> with specialized programs.
> Premier among the "customs" is/was the "catweasel" in various versions.
> That controller is no longer in production, and was never widely
> available. Development of software for it, forked and divided among
> maybe six developers including the producer. I tried to 'cover' that for
> years, at the time. It's time has mostly passed, but it's an option if
> you have the board. Again - Google my Web site for "catweasel".
> On "PC compatible floppy controllers", the limiting factor is
> single-density format support. One either finds a 486/386/286 DOS
> computer with its on-board floppy controller; or one uses an Adaptec ISA
> board, a SCSI/floppy ISA card. Dave Dunfield himself, documented how to
> do all that with imagedsk, has a test program for floppy controllers.
> There's a few predecessor MS-DOS programs like Teledisk.; many CP/M
> reader programs. Discussions on the Web, confirm which models of Adaptec
> boards do the job of single-density. And a search of my Web domain will
> find some of THOSE references.
> There's a few old-days ISA floppy boards to read copy-protected disks
> with MS-DOS programs. Rare and not cheap now.
> + The third way, is what Jon Hales just posted about. Devices, embedded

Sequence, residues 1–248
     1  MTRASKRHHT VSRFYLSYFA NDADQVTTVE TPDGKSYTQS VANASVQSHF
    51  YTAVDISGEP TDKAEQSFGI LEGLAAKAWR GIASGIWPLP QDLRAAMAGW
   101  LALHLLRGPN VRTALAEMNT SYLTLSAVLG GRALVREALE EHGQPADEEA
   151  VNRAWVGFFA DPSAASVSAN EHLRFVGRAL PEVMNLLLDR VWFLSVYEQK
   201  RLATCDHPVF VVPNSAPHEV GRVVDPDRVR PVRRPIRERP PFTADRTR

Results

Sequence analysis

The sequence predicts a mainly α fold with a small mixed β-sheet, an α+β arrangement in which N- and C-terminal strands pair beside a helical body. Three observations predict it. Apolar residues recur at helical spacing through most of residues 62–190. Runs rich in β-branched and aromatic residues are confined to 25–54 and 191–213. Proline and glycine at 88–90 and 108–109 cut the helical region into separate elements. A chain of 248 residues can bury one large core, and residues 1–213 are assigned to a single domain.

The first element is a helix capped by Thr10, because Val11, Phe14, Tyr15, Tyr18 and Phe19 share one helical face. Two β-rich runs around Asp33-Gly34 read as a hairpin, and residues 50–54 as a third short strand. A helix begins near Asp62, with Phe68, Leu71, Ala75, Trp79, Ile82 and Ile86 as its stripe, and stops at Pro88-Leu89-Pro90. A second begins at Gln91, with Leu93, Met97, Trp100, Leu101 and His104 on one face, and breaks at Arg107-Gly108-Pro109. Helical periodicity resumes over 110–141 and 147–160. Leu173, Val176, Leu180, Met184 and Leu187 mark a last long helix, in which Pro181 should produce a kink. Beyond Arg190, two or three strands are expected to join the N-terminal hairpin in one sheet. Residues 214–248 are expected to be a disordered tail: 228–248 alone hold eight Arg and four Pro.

> controllers really, which do bit-sampling and which operate floppy
> drives. Most are USB-based. As Jon points out, there are several. I'll
> tell you immediately - my Web site doesn't cover those. The *makers*
> have to cover those. Here's why.
> There's several of these devices, which have been produced by (mostly)
> "hobbyists" since about the 1990's. In my general opinion, they come and
> go over several years. They often target specific vintage computers.
> Some are for industrial purposes: sewing machines with nonstandard
> floppy drives.
> However: it's possible there's now a few which have either persisted, or
> which can be replicated if they are out-of-production. And some support
> general vintage-computing use. But I - don't - know. I gave up trying to
> keep up with them. They are part of modern 21st century hobby computing
> tech: items on github, posted with Gerber files, you-want-one,